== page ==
9.As the Father hath loved me. He intended to express something far greater than is commonly supposed; for they who think that he now speaks of the sacred love of God the Father, which he always had towards the Son, philosophize away from the subject; for it was rather the design of Christ to lay, as it were, in our bosom a sure pledge of God’ love towards us. That abstruse inquiry, as to the manner in which the Father always loved himself in the Son, has nothing to do with the present passage. But thelove which is here mentioned must be understood as referring to us, because Christ testifies that the Father loves him, as he is the Head of the Church. And this is highly necessary for us; for he who without a Mediator, inquires how he is loved by God, involves him in a labyrinth, in which he will neither discover the entrance, nor the means of extricating himself. We ought therefore to cast our eyes on Christ, in whom will be found the testimony and pledge of the love of God; for the love of God was fully poured out on him, that from him it might flow to his members. He is distinguished by this title, that he is the beloved Son, in whom the will of the Father is satisfied, (Mat_3:17.) But we ought to observe the end, which is, that God may accept us in him. So, then, we may contemplate in him, as in a mirror, God’ paternal love towards us all; because he is not loved apart, or for his own private advantage, but that he may unite us with him to the Father.
Abide in my love. Some explain this to mean, that Christ demands from his disciples mutual love; but others explain it better, who understand it to mean the love of Christ towards us. He means that we should continually enjoy that love with which he once loved us, and, therefore, that we ought to take care not to deprive ourselves of it; for many reject the grace which is offered to them, and many throw away what they once had in their hands. So, then, since we have been once received into the grace of Christ, we must see that we do not fall from it through our own fault.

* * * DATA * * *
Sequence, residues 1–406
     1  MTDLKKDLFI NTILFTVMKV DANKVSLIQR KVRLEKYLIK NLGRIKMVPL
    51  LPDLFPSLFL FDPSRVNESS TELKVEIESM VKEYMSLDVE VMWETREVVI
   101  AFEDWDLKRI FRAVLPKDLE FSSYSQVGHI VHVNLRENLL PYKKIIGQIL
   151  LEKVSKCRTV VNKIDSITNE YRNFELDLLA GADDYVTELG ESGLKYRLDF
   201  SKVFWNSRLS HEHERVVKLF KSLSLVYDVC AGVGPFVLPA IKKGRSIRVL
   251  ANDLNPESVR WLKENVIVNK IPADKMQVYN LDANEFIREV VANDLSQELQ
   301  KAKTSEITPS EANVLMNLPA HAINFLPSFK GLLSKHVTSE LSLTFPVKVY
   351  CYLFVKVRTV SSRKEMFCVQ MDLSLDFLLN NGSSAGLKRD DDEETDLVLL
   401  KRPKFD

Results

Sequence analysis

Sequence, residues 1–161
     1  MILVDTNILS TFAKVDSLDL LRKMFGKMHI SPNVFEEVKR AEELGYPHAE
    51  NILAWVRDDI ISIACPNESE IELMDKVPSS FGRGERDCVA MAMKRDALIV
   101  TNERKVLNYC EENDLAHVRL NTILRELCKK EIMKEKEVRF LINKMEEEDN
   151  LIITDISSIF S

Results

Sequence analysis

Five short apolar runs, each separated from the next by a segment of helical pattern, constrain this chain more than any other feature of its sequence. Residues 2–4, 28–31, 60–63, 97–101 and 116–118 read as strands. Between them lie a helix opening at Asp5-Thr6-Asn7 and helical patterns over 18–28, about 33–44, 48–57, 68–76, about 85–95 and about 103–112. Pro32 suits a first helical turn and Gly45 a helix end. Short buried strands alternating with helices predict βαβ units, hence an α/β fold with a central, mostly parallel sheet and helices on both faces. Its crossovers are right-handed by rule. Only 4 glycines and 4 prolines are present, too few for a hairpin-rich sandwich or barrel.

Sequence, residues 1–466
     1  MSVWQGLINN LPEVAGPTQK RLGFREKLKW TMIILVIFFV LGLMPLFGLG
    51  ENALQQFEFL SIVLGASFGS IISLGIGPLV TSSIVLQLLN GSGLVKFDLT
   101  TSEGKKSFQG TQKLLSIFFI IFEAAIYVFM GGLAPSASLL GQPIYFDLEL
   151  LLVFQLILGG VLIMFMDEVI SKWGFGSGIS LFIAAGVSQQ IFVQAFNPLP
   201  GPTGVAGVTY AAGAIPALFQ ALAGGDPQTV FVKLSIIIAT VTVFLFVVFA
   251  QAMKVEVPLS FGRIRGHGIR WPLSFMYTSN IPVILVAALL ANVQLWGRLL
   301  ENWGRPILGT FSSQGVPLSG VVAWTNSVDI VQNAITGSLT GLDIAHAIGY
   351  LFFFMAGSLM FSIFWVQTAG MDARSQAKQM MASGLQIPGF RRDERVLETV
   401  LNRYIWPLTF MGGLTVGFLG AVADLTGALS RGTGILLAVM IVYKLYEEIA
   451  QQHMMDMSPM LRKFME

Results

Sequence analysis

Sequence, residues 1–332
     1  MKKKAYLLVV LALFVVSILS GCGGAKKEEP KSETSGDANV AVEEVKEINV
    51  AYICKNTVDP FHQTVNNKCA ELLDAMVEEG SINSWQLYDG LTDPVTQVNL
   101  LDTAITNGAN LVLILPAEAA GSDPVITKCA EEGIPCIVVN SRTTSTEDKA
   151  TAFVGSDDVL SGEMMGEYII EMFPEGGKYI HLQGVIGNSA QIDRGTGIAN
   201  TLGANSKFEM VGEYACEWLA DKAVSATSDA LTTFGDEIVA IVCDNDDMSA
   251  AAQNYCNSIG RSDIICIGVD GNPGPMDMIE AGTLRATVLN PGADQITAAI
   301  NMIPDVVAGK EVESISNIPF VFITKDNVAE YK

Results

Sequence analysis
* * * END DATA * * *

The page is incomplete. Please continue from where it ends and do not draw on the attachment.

The conclusion which some draw from these words, that there is no efficacy in the grace of God. unless it be aided by our steadfastness, is frivolous. For I do not admit that the Spirit demands from us no more than what is in our own power, but he shows us what we ought to do, that, if our strength be deficient, we may seek it from some other quarter. In like manner, when Christ exhorts us, in this passage, to perseverance, we must; not rely on our own strength and industry, but we ought to pray to him who commands us, that he would confirm us in his love.